by Laurie Rowen and Erin Giglia
Work-life balance and cybercommuting is a hot topic, especially in light of Marissa Mayer’s recent announcement that Yahoo! employees will be required to work in the office rather than remotely. Besides career and balance considerations, cybercommuting also implicates legal issues for employers. Lisa Lawson, a partner at the women-owned boutique law firm Pennington Lawson, recently wrote about the legal implications of cybercommuting in The Recorder. Lisa’s article, Recorder Cybercommuting for Employers, explains that companies permitting employees to work from home must comply with relevant California laws. The article states:
There are few employment law topics that have generated more heated debate recently than the concept of work-‐life balance, and how employees and companies should go about achieving it. Yahoo Inc.’s recent announcement that it intended to end all work-‐from-‐home arrangements drew widespread scorn, with some critics labeling the move regressive and anti-‐woman. At the same time, new studies are emerging that claim employees who take advantage of flexible work arrangements, including telecommuting, experience a “flexibility stigma” which results in lower wages, fewer promotions and harsher performance evaluations.
Lawson’s article discusses employer compliance with wage & hour law for exempt and non-exempt employees. Specifically, employers must ensure that non-exempt employees keep accurate time records so they can properly pay for their time. For exempt employees, employers must ensure that working remotely does not undermine the employee’s exempt status. Lawson also discusses how cybercommuting may also implicate discrimination laws – namely who gets to cybercommute and who does not, and when must an employer allow cybercommuting as an accommodation for a disability. Lawson cautions employers to avoid requiring an employee to cybercommute while taking leave under the Family and Medical Leave Act or other statutes that prohibit employers from interfering with certain leaves. She also discusses that employers must comply workplace safety and injury laws, including employee home offices. Lawson also sets forth elements of a successful cybercommuting program, including a written policy and a written cybercommuting agreement between the employer and employee. To read the full article, please visit the Recorder’s Website. For more information about cybercommuting, please contact Lisa Lawson at firstname.lastname@example.org.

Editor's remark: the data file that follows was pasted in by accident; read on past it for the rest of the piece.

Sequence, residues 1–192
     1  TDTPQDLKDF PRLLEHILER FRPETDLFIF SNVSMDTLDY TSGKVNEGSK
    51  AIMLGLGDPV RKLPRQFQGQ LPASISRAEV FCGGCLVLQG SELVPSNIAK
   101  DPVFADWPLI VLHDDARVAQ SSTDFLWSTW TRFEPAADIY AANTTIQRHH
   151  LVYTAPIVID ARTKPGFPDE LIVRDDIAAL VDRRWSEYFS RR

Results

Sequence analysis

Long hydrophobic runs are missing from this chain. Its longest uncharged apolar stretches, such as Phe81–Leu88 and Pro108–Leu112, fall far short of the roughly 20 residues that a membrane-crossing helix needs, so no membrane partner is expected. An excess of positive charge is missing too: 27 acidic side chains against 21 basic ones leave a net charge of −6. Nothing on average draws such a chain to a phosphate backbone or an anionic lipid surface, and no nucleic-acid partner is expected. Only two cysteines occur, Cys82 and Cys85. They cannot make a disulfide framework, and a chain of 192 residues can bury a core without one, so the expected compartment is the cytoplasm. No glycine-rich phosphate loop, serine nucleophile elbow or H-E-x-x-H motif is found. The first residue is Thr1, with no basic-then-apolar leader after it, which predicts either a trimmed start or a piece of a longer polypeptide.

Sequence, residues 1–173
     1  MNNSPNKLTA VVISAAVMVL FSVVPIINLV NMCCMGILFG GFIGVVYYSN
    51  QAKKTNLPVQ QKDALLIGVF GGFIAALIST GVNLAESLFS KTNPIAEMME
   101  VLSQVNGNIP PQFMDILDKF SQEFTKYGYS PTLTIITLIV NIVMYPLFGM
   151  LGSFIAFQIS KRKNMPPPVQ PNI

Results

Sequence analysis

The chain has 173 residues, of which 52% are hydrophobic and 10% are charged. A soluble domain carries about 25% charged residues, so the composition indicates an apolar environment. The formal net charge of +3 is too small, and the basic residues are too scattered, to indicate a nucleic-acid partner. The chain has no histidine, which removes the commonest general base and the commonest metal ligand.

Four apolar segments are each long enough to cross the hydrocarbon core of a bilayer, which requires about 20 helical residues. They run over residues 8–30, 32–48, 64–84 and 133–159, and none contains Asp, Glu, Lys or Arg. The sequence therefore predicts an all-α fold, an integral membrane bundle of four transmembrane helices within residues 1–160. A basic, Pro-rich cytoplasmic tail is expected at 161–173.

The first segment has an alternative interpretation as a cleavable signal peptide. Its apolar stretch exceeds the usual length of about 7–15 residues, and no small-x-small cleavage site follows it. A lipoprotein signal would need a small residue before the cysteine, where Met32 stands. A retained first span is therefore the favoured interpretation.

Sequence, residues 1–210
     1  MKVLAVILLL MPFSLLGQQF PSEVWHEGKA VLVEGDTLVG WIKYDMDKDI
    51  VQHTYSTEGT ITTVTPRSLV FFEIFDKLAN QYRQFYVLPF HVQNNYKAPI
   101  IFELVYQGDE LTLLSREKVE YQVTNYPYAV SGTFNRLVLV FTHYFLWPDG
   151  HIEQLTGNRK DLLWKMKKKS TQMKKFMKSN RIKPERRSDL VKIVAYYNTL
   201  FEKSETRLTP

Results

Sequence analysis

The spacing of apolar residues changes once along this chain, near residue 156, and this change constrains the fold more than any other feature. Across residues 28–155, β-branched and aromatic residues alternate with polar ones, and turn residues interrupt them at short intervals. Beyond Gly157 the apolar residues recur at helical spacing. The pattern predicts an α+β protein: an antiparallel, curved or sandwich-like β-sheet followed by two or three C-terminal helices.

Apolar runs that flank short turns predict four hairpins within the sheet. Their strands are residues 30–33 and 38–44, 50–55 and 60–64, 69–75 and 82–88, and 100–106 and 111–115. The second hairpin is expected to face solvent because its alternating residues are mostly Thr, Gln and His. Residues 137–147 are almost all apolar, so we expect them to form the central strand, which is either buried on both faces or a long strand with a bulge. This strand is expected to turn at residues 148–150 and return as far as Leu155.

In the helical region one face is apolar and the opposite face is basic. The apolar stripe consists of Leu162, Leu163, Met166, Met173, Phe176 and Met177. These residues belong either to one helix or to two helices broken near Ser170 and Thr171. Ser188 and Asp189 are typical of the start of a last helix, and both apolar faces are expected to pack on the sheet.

Lisa Lawson has over 15 years of experience advising California employers and executives and litigating high-stakes employment-related cases. She provides advice and counsel on all aspects of state and federal employment law, including wrongful termination, discrimination and harassment, retaliation, employee movement, disability law, leaves of absence, employee privacy, and wage-and-hour issues. Prior to co-founding Pennington Lawson, Ms. Lawson worked in the nationally-recognized employment law departments of Paul Hastings and Orrick, Herrington & Sutcliffe.
Ms. Lawson was recently appointed by the State Bar to serve on the Executive Committee of the Bar’s Labor and Employment Law Section. Her three-year term commenced in September 2011. Ms. Lawson also was named a Northern California “Super Lawyer” for 2012.
Ms. Lawson received her Juris Doctorate from the University of California at Los Angeles and her bachelor’s degree in Public Policy Studies from Duke University. Ms. Lawson lives with her husband and two daughters in Piedmont and serves as a member of that city’s Civil Service Commission, which hears disputes between the City and its employees.
Copyright 2013. ALM Properties, Inc. All rights reserved. Portions of this article reprinted with permission from: The Recorder.